A Year Later, The 'Borat' Lawsuits Just Keeping Coming

Some 13 months after the theatrical release of Borat, Sacha Baron Cohen's mockumentary about an intellectually curious Kazakh journalist's travels across the U.S. and A to engage in cultural exchanges with as many litigious Americans as possible, one might think that any of comedian's on-camera victims who hadn't already filed lawsuits had grudgingly accepted their cinematic notoriety. Amazingly, legal papers are still being filed, with the latest coming from the driving instructor tasked with teaching the foreigner how to operate a non-mule-powered vehicle:

Michael Psenicska was duped into participating in the film after it was described to him as a "documentary about the integration of foreign people into the American way of life," he said in a lawsuit filed in Manhattan federal court.
The suit named British comedian Sacha Baron Cohen, who plays the title role, One America Productions and Twentieth Century Fox Film Corp., a unit of News Corp. It also named Todd Lewis, a representative of One America who is listed in other lawsuits as Todd Lewis Schulman.

Psenicska said he was paid $500 in cash to give Borat a driving lesson. He described the experience as "surreal," saying Cohen drove erratically down residential streets, drank alcohol and yelled to a female pedestrian he would pay her $10 for "sexy time."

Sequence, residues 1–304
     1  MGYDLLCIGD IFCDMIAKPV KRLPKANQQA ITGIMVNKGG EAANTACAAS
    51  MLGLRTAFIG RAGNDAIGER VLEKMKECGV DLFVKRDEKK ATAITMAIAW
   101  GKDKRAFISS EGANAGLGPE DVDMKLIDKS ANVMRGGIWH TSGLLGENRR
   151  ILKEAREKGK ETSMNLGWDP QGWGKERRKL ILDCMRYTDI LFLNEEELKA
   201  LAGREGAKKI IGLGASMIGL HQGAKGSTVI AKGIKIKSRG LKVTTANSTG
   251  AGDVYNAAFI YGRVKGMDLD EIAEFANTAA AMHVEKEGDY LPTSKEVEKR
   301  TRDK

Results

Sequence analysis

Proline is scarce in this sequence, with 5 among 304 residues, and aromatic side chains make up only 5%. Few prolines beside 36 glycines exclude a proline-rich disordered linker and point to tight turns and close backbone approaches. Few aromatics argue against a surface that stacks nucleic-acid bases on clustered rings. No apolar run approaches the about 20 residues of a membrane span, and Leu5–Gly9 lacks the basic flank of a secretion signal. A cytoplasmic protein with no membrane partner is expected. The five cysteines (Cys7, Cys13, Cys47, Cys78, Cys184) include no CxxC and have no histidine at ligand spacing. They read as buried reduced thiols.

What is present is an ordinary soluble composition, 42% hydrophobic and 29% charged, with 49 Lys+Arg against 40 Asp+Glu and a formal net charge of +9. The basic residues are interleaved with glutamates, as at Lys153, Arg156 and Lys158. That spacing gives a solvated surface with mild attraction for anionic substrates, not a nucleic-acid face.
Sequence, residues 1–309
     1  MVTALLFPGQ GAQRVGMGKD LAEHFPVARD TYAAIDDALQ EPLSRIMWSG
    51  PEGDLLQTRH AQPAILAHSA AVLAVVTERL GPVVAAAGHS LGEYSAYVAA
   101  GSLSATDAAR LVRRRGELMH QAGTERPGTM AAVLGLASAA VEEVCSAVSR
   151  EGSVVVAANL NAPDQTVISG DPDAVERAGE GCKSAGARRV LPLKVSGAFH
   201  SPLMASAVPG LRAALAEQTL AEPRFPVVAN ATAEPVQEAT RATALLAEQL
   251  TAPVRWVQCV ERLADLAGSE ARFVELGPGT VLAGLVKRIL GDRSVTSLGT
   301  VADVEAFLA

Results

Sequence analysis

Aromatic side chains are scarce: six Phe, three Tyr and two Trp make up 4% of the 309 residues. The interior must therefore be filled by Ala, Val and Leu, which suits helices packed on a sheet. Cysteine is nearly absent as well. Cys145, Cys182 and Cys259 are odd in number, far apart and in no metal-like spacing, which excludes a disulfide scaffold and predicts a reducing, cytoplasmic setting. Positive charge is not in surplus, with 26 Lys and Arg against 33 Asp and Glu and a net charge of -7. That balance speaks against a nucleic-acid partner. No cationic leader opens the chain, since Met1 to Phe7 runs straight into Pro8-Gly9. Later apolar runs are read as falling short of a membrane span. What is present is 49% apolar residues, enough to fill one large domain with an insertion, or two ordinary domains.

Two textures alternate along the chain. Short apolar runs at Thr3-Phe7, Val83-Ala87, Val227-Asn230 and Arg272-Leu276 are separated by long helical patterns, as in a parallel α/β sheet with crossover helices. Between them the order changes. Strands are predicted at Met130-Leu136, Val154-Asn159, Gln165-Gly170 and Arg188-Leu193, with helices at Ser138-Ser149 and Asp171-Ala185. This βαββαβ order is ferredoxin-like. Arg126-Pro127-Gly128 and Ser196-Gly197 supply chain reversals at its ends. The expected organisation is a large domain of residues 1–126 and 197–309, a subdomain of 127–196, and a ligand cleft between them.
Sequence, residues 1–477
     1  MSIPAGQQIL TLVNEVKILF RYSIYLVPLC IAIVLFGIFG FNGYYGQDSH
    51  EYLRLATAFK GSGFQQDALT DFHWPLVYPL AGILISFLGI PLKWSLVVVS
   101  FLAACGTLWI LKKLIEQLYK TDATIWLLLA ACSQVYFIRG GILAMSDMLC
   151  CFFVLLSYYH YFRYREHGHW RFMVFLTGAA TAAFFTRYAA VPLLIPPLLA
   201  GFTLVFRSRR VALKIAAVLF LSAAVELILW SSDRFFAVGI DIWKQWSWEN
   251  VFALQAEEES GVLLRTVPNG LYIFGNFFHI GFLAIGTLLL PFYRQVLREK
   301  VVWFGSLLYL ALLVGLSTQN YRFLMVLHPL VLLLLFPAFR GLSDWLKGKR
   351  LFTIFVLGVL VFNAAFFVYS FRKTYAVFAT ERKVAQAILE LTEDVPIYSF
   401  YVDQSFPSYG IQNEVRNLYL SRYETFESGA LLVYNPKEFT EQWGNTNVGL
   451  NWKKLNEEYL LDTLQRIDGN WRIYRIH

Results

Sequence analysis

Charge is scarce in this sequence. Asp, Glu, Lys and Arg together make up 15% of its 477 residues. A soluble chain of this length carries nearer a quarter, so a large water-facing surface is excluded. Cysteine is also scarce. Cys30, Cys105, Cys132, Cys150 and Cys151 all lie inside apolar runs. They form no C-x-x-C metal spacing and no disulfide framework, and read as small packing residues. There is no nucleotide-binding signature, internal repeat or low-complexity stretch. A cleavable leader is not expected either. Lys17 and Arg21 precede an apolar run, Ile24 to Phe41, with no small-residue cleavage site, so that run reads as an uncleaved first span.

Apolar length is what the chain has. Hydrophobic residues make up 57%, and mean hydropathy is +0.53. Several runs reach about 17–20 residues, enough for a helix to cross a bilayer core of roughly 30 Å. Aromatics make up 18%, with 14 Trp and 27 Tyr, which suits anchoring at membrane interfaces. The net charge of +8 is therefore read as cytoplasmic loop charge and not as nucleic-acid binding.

The lawsuit seeks $400,000 in actual damages and additional punitive damages for misleading Psenicska and for emotional harm he continues to suffer. Psenicska said if he had known the true nature of the film, he never would have participated.

Psenicska's action comes about a month after one filed by the Southern etiquette coach who tried to teach the faux-Kazakh that returning from the bathroom with one's bagged feces is considered poor manners in most places in America. We suspect that both suits will eventually be dismissed like the one brought by those South Carolina fraternity brothers, with annoyed judges in Manhattan and Alabama informing both plaintiffs that they should probably consider themselves lucky their participation in the film didn't involve being strangled by the fetid anus of Borat's hirsute producer.